Standards for conducting quantitative sensory testing (QST), which is a psychophysical method used to quantify somatosensory function in response to controlled stimuli in healthy subjects and patients, is discussed, and recommendations on the basis of current status of QST are presented.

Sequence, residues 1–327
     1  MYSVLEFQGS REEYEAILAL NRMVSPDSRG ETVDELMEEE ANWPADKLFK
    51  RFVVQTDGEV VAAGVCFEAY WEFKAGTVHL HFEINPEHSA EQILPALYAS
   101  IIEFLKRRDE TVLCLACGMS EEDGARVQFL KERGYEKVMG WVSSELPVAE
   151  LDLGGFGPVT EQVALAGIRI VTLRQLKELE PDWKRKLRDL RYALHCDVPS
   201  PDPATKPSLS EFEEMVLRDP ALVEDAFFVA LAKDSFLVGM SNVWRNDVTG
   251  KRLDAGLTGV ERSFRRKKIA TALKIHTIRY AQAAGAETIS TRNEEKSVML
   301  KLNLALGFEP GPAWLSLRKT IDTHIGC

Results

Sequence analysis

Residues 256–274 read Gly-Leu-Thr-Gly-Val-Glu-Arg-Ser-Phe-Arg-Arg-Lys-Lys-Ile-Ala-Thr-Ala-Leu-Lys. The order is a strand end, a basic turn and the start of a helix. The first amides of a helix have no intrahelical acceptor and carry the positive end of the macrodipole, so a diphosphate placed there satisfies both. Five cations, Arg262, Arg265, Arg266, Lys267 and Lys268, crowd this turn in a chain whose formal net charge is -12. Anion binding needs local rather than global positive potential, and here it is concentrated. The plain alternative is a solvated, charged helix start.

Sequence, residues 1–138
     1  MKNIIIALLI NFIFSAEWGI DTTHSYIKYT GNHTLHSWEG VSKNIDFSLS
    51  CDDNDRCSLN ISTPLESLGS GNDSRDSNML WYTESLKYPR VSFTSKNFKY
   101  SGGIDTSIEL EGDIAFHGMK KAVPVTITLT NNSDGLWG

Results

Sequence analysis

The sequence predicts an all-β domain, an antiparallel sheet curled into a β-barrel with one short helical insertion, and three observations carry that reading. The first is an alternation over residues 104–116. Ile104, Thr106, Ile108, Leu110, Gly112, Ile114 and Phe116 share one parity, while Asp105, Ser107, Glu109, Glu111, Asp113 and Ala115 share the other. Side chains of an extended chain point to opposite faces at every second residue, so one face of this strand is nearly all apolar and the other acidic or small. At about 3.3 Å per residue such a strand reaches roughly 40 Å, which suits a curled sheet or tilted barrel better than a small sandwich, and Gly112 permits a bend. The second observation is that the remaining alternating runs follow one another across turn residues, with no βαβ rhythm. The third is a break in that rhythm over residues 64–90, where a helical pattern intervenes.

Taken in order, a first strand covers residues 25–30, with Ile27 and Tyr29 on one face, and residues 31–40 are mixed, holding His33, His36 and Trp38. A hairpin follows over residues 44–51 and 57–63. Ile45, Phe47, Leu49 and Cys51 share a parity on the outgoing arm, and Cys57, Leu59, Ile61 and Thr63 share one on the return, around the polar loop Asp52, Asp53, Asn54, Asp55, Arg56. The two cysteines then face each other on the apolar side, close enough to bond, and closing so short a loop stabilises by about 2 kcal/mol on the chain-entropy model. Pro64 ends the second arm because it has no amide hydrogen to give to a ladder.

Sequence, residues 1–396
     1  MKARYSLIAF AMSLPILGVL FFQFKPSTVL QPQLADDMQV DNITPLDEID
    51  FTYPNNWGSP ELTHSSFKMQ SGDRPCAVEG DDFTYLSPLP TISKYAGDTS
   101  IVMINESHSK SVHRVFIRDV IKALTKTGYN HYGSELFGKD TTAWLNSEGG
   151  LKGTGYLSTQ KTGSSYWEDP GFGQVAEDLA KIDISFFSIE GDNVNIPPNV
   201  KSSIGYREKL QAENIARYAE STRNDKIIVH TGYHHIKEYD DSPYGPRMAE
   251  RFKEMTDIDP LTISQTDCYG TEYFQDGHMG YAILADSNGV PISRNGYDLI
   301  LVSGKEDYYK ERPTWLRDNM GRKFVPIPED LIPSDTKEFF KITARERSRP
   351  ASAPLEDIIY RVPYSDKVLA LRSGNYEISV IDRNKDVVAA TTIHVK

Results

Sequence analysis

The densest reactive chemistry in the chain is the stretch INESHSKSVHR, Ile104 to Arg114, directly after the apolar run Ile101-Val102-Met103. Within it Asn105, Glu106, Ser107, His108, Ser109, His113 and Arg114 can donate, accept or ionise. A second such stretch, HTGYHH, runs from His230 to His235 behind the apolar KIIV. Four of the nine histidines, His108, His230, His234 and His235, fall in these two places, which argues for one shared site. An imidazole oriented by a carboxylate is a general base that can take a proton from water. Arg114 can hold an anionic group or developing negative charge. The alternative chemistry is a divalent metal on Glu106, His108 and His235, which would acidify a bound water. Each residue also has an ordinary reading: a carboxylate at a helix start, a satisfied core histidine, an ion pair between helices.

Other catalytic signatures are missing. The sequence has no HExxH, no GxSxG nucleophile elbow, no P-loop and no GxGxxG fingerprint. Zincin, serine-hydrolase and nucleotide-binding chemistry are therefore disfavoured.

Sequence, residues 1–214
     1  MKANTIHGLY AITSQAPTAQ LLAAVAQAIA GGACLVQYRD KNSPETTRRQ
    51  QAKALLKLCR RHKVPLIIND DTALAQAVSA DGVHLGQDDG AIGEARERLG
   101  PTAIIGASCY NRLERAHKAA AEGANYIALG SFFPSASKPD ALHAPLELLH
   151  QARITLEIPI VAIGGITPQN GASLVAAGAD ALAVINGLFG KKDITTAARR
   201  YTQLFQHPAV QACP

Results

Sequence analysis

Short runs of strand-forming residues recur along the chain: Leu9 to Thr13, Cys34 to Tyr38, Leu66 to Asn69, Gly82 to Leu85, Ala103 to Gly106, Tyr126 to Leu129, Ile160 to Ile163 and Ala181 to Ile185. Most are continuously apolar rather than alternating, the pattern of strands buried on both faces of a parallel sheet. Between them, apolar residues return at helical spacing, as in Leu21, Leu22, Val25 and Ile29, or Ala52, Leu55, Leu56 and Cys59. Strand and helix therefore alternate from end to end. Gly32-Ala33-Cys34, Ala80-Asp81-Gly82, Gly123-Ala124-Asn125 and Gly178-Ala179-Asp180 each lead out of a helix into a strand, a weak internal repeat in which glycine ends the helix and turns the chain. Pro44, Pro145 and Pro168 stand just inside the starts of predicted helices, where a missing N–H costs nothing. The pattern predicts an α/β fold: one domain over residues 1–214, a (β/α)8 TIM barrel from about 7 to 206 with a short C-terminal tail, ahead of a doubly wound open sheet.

Quantitative sensory testing (QST) is a psychophysical method used to quantify somatosensory function in response to controlled stimuli in healthy subjects and patients. Although QST shares similarities with the quantitative assessment of hearing or vision, which is extensively used in clinical practice and research, it has not gained a large acceptance among clinicians for many reasons, and in significant part because of the lack of information about standards for performing QST, its potential utility, and interpretation of results. A consensus meeting was convened by the Neuropathic Pain Special Interest Group of the International Association for the Study of Pain (NeuPSIG) to formulate recommendations for conducting QST in clinical practice and research. Research studies have confirmed the utility of QST for the assessment and monitoring of somatosensory deficits, particularly in diabetic and small fiber neuropathies; the assessment of evoked pains (mechanical and thermal allodynia or hyperalgesia); and the diagnosis of sensory neuropathies. Promising applications include the assessment of evoked pains in large-scale clinical trials and the study of conditioned pain modulation. In clinical practice, we recommend the use QST for screening for small and large fiber neuropathies; monitoring of somatosensory deficits; and monitoring of evoked pains, allodynia, and hyperalgesia. QST is not recommended as a stand-alone test for the diagnosis of neuropathic pain. For the conduct of QST in healthy subjects and in patients, we recommend use of predefined standardized stimuli and instructions, validated algorithms of testing, and reference values corrected for anatomical site, age, and gender. Interpretation of results should always take into account the clinical context, and patients with language and cognitive difficulties, anxiety, or litigation should not be considered eligible for QST. When appropriate standards, as discussed here, are applied, QST can provide important and unique information about the functional status of somatosensory system, which would be complementary to already existing clinical methods.